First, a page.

Malaysian entrepreneur Datin Dr Winnie Loo believes that ageing gracefully involves both mental and physical aspects.
“It’s not just about looking young but also about being mentally active, and always evolving and improving,” says Loo, 66.
Loo is one of the three speakers at the Star Media Group’s free webinar entitled “How to break a midlife mindset and start a fit mind habit” on Sept 23. The webinar is part of the Be A Star After 50 campaign, which promotes positive ageing.
The collaboration between Star Media Group and Nutren Optimum by Nestle Health Science celebrates Malaysians over 50 who are exemplary role models in four STAR “pillars”: S for Sporty (active), T for Tenderhearted (community work), A for Ambitious (new experiences, new skills), and R for Radiant (health and wellness).
“Since I’m in the fashion industry, I can’t afford to think old. Trends come and go and if you think old, you’d still be stuck in the 70s.
“I surround myself with younger people so that I can learn new things and skills. When you think young, you’ll keep up with the trends,” says Loo, founder of the A Cut Above group.
Physically, if you want to look good, you have to make the effort, she adds.
“It’s more than just being vain. As someone who’s in the hair and beauty industry, physical (appearance) is important, and you’ve to ‘walk the talk’,” she says.
“You need to live well, eat right, stay slim, get enough sleep, and more,” she says, adding that she doesn’t drink nor smoke.
Loo credits her youthful looks to genetics.
“I look young thanks to my mum because I’ve pretty good genes. She still looks good way into her 80s,” she says.
However, Loo is quick to add that one still has to take care of oneself.
“If you have good genes, don’t waste it.”
Dedicated to his passion
Former footballer Sunny Shalesh says the secret to ageing well is to “find your passion and focus on it”.
The 52-year-old won the Star Golden Hearts Award 2021 for his efforts in empowering persons with disabilities through football. It’s his focus on helping the differently abled that keeps him young, he reveals.
“Everything I do is about advocating for, and championing the rights and welfare of, these differently abled children and adults through football,” he says. “And every time I help to coach them, it energises me.”
Sunny says that although his task may be tiring and the hours long, he seldom feels tired.
“Seeing them progress through the years is an amazing experience and they inspire me to do more,” he says.
Sunny admits he’s not on any physical fitness regime due to his commitments.
“I was previously but I’ve stopped doing it for many months because I’m more focused on coaching,” he says.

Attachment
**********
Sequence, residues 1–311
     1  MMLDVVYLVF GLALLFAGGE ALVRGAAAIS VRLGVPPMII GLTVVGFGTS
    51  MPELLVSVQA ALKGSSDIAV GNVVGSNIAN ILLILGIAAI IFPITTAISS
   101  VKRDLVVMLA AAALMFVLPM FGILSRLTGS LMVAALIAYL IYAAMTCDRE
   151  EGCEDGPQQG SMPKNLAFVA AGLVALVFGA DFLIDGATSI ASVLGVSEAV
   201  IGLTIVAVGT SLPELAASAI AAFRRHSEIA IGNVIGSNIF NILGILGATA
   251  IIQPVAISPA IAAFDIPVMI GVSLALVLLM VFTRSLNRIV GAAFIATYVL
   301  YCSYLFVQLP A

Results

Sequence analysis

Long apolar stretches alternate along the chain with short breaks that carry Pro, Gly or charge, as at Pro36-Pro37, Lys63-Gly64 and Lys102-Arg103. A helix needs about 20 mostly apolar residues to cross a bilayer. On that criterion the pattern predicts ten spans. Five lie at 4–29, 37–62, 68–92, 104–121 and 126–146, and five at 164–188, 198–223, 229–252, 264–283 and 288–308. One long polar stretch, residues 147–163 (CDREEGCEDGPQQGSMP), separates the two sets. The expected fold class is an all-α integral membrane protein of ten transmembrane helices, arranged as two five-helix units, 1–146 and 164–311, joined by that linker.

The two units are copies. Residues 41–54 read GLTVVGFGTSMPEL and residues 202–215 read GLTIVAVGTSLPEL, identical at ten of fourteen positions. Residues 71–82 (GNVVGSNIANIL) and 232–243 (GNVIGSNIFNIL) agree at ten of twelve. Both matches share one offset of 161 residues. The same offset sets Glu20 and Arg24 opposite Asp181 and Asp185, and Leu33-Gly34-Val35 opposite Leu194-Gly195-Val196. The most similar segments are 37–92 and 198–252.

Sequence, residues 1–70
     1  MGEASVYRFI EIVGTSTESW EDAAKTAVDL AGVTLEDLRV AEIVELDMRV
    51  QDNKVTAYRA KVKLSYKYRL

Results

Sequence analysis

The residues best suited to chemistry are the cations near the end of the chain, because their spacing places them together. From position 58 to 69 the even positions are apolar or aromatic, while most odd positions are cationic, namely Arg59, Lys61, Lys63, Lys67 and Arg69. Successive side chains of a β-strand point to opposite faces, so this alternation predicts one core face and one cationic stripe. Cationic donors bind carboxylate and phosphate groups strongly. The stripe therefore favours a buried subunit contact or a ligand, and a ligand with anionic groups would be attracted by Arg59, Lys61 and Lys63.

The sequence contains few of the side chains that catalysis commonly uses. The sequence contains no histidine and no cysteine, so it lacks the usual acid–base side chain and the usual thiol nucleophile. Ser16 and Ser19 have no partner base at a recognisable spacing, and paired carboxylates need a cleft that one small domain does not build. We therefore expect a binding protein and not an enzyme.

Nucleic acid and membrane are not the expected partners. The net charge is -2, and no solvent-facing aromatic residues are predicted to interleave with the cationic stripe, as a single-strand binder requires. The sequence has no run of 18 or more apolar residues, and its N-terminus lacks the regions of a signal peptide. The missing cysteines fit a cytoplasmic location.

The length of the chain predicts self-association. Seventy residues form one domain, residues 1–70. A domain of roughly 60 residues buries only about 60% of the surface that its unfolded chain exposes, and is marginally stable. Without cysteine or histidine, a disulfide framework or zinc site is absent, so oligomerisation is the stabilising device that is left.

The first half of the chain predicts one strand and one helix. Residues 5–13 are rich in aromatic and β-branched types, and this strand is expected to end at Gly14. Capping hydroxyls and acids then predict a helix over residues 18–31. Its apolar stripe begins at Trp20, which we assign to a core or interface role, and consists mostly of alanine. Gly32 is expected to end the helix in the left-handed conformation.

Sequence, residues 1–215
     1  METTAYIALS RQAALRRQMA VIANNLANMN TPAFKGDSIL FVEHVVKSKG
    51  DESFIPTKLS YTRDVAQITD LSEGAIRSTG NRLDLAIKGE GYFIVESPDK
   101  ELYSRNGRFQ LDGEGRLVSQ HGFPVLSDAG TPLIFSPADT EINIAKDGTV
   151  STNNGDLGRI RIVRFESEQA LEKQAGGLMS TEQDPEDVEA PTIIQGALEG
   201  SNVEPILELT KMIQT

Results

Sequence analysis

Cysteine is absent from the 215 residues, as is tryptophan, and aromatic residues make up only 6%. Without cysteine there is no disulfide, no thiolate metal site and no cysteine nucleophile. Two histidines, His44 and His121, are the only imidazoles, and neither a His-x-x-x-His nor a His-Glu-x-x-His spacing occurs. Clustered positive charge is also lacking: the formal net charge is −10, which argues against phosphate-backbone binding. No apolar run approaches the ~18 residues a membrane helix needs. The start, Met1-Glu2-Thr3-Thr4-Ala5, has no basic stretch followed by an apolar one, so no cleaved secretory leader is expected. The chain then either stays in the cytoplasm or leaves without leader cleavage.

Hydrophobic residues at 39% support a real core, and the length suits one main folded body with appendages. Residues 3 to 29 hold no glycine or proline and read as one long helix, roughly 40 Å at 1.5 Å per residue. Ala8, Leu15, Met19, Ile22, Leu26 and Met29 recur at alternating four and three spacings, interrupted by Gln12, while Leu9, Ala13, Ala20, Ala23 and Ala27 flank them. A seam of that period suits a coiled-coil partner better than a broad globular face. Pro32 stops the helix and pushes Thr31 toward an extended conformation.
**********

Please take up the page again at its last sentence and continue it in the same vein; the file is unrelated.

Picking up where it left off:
Staying young is more than about physical fitness and eating a balanced diet, with adequate protein intake, it’s about mental wellbeing too.
“I challenge my mind to progress: keep thinking what’s next – how I’m going to help them improve their lives, score more goals. When you indulge in your passions, you forget your aches and pains – which are a normal part of growing older,” says Sunny, who admits he has bad knees from excessive wear and tear during his years as a footballer.
Four principles of life
Ageing well is about adhering to the right principles in life, says Tan Sri Datuk Dr M Jegathesan.
Dr Jegathesan, who was known as the “flying doctor of Malaysia” for his athletic achievements as a runner and being a medical doctor, says he strictly follows the principles of “the four Ds: direction, determination, dedication and discipline”.
At 79, he laughingly says he doesn’t believe living to his age is considered “longevity” because “people are now living well into their 90s, including the late Queen Elizabeth”.
“Life expectancy is increasing. When I was a child, my father and his friends retired at age 55. After enjoying their retirement for a few years, they passed away. But today, people retire at the age of 60 and lead fulfilling lives way into their 90s,” he says.
The secret to ageing well is very simple: live a healthy lifestyle and a balanced life, says Dr Jegathesan.
“Build good habits and lead a balanced life,” he says, adding that he has three balanced meals a day with the right proportion of carbohydrates, proteins and vitamins (vegetables). He also plays golf and goes jogging.
To him, there’s no such thing as “midlife crisis” because crises happen at any stage of life.
“Just remember, wherever you’re at, for every one step you fall behind, you have to take two steps forward so that you’ll always keep progressing in life,” he advises.
For more secrets on ageing well, register for the webinar.